In closing, women, I would like to leave you with this blessing...
...May you display the righteous determination of Tamar.
...May you receive the faithful security of Rahab.
...May you experience the redemption of Ruth.
...May you have the restored dignity of Bathsheba.
...May you find favor in the eyes of the Lord as Mary did.
...May God write you into his story despite your pedigree,
...and may you bear Jesus abundantly in the world around you!

And may you have a happy Mother's Day.

Redeeming a Few Bad Apples in the Family Tree, Part 1 (A little Mother's Day Inspiration)

This post goes out to all the great mothers and excellent women in my life.

The Royal Wedding 2011
 The end of April was exciting for wedding planners ... On April 29 Kate Middleton became the Duchess of Cambridge in one of the most publicized weddings in a long time.  No, I didn't get up in the middle of the night to watch Kate and William tie the knot, nor did I care how many times the couple kissed at their wedding. (C'mon people!) But I do have two females living in my house, and we have one TV, so I was forced to watch some of the coverage. Something I found interesting is that Kate comes from a "common family," coal miners in fact.  This of course makes for the perfect Disney plot - a common girl marries the prince.  And heck, if she could do it, then anyone could do it, right ladies? Well, not quite...the Middleton's have some dough and seem to be well-connected, and the media coverage about Kate did reveal that deeper in her lineage lies more dignified ties to the royal family. But you get the point...according to royal lineage standards, she was just the girl next door.  Yet, I can't help but wonder: what will future British generations think about a coal mining family infiltrating the royal pedigree?

Something similar seems to have happened in a royal lineage that we find in the Bible. In chapter 1 of Matthew's Gospel, Matthew starts right away with a family tree tracing Jesus' royal and divine pedigree back to King David and ultimately to the patriarch Abraham.  A quick word on Biblical geneaologies, compiling a list of descendants was very important in ancient times. As a primarily oral culture, geneaologies served as the only source of history that many people would ever know.  Furthermore, geneaologies arbitrated things like inheritances and property allotments, and validated offices for priests and kings. And much like modern family trees, they provided a sense of cultural identity and social status (see John 6:41-42).  So for Jesus to be touted as the King of Kings, God's highest priest, and the Messiah, it would be important to demonstrate his royal and divine bloodline.

But my good friend Arloa Sutter drew my attention to something else that I had never noticed before.  (Probably because I skip over lists in the Bible so much!) Omissions and broad generational strokes are also common in geneaologies. For instance, you find names of unimportant or embarrassing family members left out, people who might minimize or disgrace the family pedigree. (Sorry Uncle Larry.)  Also, given the patriarchal focus of that culture, women have much less emphasis in family trees, and are likewise often omitted altogether.  So geneaologies are thoughtful and selective.  Matthew details that he only lists 41 people from the time of Abraham to the time of Jesus.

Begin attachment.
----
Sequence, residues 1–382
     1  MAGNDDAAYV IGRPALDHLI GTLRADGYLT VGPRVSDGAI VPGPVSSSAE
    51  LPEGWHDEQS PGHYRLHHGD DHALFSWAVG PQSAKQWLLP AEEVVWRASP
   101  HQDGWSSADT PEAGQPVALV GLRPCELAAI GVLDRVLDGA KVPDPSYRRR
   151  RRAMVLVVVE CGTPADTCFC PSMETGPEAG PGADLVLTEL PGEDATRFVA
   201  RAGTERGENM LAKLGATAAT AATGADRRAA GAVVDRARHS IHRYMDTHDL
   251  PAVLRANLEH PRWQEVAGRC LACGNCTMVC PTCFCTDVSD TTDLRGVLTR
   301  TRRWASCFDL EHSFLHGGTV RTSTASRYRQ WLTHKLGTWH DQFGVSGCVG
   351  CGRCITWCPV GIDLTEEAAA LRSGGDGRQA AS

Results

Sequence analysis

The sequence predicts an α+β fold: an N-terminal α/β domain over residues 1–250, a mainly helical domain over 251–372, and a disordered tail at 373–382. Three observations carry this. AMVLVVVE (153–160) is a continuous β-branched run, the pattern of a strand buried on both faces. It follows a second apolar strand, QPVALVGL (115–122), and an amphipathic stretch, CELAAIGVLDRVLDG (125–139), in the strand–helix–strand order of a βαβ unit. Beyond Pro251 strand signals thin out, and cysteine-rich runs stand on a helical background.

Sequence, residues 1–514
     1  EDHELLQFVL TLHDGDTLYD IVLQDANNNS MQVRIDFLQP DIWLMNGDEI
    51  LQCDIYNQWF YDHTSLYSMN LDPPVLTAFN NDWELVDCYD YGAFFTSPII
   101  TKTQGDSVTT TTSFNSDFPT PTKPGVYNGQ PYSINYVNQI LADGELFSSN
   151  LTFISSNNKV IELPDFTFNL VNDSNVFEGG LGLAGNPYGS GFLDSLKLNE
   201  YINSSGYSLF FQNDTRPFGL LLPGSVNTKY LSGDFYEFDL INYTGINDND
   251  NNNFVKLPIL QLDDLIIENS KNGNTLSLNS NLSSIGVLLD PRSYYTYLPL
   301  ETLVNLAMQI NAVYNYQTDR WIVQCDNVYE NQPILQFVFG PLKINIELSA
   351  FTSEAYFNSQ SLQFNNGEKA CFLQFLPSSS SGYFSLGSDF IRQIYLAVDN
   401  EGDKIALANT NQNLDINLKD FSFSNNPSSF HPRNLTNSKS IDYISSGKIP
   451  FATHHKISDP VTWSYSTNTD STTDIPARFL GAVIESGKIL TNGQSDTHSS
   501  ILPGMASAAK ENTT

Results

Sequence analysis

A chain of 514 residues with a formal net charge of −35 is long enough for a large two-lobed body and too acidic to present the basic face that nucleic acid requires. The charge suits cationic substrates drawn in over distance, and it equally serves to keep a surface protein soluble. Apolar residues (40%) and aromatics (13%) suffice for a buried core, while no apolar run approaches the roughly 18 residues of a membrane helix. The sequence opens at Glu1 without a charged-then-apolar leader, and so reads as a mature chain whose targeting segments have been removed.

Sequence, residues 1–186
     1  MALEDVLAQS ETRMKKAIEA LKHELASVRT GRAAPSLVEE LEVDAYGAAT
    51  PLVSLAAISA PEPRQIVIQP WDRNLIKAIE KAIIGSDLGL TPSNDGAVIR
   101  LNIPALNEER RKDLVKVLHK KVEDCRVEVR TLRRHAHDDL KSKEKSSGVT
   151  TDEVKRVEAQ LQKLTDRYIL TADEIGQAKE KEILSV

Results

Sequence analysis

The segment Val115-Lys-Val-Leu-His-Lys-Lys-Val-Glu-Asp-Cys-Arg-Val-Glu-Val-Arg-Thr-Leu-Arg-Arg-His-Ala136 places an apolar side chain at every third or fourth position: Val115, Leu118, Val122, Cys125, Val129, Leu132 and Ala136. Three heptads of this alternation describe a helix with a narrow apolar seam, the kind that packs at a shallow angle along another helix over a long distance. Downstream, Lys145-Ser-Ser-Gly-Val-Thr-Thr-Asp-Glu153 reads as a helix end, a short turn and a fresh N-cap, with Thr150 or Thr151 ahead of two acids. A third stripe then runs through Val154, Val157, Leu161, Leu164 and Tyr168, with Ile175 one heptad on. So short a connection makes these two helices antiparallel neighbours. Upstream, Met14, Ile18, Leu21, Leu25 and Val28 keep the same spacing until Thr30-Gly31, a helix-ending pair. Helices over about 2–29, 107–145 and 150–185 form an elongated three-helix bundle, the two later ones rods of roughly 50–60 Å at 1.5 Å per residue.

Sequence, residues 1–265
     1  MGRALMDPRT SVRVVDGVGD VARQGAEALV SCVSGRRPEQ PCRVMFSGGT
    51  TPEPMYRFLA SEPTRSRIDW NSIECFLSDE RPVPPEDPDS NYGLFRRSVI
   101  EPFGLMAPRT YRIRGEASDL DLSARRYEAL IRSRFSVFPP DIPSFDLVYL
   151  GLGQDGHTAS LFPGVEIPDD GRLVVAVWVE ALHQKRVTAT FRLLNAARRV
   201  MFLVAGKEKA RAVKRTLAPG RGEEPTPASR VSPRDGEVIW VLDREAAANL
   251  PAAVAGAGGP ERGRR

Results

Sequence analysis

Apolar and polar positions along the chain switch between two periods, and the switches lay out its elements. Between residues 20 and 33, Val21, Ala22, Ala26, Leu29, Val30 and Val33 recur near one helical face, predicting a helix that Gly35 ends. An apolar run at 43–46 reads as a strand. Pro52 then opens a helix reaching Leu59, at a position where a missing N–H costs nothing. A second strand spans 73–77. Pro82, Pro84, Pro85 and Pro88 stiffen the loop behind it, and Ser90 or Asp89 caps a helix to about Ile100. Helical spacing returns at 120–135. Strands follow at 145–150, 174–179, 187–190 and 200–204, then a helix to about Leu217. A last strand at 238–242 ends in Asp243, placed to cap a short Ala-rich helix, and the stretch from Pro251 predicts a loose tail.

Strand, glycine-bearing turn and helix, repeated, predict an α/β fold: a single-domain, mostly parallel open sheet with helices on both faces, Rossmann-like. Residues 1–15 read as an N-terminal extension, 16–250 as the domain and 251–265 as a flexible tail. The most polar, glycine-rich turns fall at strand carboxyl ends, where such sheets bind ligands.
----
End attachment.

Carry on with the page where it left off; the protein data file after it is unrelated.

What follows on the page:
Ok, so based on all of that, here's where it gets interesting.  Matthew lists five women in his geneaology.

Surely these must have been exceptionally dignified women to crack into the geneaology of the Chosen One.  I mean, this is a royal and a divine lineage now. Only the best should be in here, right? We'll, let's take a closer look at each of them:

Tamar (Gen. 38).  A widow twice over who was shamed and unjustly neglected by the men in her life and who resorts to deception and indignity in order to, essentially, do the right thing (pass on her family line). She disguises herself as a shrine prostitute and convinces Judah, her father-in-law, to sleep with her. Interestingly enough, she has twin boys. The oldest of which was Perez, who passes on the family line and also makes it into Jesus' family tree.

Rahab (Joshua 2, 6).  Rahab expresses her fear of the Lord and helps the Israelites occupy the Promised Land. But she was a foreigner, a Canaanite. And she was a prostitute. But the Israelites honor their deal with her and spare her family. She apparently marries an Israelite and gives birth to a son named Boaz. They both make it into the geneaology. And she is considered a woman of great faith in the New Testament (Hebrews 11).

Ruth (she has her own book!).  Ruth was a Moabite woman. The Moabites were not well regarded among Israelites. They had incestous family roots (Gen. 19) and they just generally did not get along with each other. Nevertheless, Ruth marries into an Israelite family. But she and her mother-in-law Naomi, and her sister-in-law Orpah, all become widows. Ouch. Instant poverty and helplessness. But because she is faithful, hard working, and humble, Boaz (Rahab's son!) marries and redeems her from obscurity. She is then blessed with a son named Obed, who would become the grandfather of King David. They all made it into the geneaology.